Voting Yes for an Indigenous Voice to Parliament is true value of respect, to recognise the world's oldest continuing culture in our Constitution.
On October 14th, we are not being asked to vote for a political party, or an group of politician. We're being asked to vote for recognition, Listening , equal say and bring our country together and to change it for the better by delivering better outcomes for First Nations people.
Constitutions are documents written in a particular time and place. They require updates, edits and changes in order to remain relevant to the people they serve and the societies they underpin.
The Voice to Parliament will recognise Indigenous people in the way they want to be recognised in the Constitution.
The 2023 Yes proposition is a simple one. Yes, is to recognise First Peoples in the Constitution and establish an advisory body to parliament. It is that simple.
Yes, keeps our Constitution relevant, enhances our democracy and reaffirms its relevance to the people it is meant to serve. It would demonstrate we are a caring and compassionate country that cares for the wellbeing of all people, including First Peoples.
It is a simple and modest proposal that none of us need to fear. And as a nation, there is everything to gain.
It is simple and it is the right thing to do. Vote Yes.
Cr Karl Saleh, Canterbury Bankstown City Council
The Salvation Army is one of the biggest providers of social services in Australia. We are a pragmatic movement, not really into empty gestures or performative virtue signalling. I don't think in our 140-year history in Australia that we have ever been called "elites".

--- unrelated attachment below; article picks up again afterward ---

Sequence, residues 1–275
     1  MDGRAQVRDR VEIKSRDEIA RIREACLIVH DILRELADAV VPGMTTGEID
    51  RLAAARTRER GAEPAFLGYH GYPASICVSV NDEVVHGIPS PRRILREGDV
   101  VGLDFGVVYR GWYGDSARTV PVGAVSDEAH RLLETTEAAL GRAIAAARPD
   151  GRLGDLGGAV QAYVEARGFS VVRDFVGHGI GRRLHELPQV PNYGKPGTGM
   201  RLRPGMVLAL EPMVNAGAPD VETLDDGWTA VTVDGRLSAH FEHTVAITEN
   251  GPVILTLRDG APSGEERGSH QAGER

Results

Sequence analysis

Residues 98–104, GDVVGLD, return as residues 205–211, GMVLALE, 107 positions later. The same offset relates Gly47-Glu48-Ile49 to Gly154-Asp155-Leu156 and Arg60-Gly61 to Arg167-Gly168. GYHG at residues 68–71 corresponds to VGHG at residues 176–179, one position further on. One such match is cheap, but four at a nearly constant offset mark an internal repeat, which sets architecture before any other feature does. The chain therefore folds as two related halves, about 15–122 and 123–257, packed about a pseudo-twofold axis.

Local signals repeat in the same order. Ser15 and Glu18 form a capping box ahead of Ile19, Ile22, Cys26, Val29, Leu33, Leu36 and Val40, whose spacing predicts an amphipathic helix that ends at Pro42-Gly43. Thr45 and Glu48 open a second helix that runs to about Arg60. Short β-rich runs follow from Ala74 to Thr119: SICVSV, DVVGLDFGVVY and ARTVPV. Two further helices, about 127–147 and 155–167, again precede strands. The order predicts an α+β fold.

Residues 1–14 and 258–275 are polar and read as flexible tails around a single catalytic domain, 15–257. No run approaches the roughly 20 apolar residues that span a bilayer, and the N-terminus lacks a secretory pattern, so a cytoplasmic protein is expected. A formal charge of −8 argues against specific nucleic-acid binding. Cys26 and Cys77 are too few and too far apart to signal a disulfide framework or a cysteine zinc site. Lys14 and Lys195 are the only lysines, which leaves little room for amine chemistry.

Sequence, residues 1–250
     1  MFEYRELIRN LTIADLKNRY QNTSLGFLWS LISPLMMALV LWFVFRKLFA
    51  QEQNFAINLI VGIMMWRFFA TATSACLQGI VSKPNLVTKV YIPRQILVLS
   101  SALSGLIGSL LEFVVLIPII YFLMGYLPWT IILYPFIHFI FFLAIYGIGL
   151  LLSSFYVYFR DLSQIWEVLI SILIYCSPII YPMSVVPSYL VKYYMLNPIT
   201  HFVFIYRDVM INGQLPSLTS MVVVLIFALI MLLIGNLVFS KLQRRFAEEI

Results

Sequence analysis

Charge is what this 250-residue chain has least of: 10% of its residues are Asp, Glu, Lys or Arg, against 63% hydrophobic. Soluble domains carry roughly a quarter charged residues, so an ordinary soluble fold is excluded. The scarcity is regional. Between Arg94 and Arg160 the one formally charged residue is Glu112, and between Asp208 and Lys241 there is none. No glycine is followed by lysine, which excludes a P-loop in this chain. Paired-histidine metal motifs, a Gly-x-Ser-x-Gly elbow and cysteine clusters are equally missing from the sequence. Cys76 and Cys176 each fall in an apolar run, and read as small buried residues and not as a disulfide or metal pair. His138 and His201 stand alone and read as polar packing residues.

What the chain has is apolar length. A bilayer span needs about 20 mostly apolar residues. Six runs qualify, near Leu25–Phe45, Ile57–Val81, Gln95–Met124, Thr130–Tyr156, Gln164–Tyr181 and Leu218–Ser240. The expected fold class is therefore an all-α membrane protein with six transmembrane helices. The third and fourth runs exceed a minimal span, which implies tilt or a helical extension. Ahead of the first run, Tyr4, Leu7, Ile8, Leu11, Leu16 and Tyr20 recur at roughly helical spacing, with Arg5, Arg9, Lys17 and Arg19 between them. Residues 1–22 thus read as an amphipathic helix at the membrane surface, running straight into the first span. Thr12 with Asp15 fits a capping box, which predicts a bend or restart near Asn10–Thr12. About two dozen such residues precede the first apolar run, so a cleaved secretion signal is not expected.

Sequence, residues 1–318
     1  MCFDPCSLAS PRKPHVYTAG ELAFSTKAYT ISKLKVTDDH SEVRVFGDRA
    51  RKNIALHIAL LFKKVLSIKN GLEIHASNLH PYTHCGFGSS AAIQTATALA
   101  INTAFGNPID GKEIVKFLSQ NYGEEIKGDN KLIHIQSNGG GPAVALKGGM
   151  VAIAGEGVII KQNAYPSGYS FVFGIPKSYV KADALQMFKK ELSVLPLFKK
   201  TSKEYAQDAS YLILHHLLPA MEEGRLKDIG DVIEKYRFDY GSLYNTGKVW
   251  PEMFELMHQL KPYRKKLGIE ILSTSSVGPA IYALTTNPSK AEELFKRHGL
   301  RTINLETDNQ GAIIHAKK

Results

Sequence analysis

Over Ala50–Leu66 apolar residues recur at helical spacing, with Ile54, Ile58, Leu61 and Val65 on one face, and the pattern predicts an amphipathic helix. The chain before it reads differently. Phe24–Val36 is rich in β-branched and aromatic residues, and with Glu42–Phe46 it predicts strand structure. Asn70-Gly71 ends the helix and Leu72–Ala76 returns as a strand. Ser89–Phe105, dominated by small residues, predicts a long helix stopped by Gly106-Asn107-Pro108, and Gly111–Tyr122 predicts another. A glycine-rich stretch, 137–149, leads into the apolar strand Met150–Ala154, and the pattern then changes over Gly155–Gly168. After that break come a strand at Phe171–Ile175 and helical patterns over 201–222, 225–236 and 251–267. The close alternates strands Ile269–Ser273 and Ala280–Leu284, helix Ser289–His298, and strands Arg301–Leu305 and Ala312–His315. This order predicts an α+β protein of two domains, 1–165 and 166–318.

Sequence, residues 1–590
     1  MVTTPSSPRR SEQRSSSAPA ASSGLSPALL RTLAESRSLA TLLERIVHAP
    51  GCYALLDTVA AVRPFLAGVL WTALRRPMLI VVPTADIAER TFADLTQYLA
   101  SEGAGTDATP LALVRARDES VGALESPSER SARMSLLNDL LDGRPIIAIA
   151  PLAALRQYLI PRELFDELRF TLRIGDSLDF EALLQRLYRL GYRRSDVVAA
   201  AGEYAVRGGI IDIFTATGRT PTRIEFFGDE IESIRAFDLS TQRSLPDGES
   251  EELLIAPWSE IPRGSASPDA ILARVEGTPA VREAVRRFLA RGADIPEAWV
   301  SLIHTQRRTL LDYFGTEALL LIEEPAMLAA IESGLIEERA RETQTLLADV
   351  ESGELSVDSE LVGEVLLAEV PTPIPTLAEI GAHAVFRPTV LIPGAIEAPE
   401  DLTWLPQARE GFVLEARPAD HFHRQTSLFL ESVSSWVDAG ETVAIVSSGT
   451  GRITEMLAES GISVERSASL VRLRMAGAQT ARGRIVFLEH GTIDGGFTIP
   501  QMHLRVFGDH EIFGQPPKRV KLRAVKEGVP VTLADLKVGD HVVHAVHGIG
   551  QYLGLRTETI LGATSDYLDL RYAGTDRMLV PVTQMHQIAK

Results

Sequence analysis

But we do support the Voice.
We support the Voice, simply, because we believe it will make a difference.
For 140 years, the Salvos have rolled up their sleeves and helped where we can. We started small by assisting discharged prisoners at the prison gates in Melbourne and now we provide over 2,000 services across every state and territory in Australia. We support people experiencing homelessness, family and domestic violence, financial hardship, unemployment, substance use disorders, social isolation and loneliness, and help them recover from natural disasters.
Aboriginal and Torres Strait Islander people are over-represented in almost every service we deliver - and that's why we support a Voice.
There is no escaping the fact that what we are doing right now, as a nation, is not working.
The Salvos will always do what we can on the ground, but the issues we see are deeper; they are structural and systemic. We believe the only way to practically address the hardship experienced by Aboriginal and Torres Strait Islander peoples is to change how the government makes and carries out policy. We believe the best way to do that is to actually listen to the people affected - to give them a voice.
Not everyone agrees with us on this and that's okay. We just ask that people respectfully consider, before they decide on October 14: "Will the Voice make a difference for people who really need help?"
We think the answer is a resounding yes.
Captain Stuart Glover, The Salvation Army Australia
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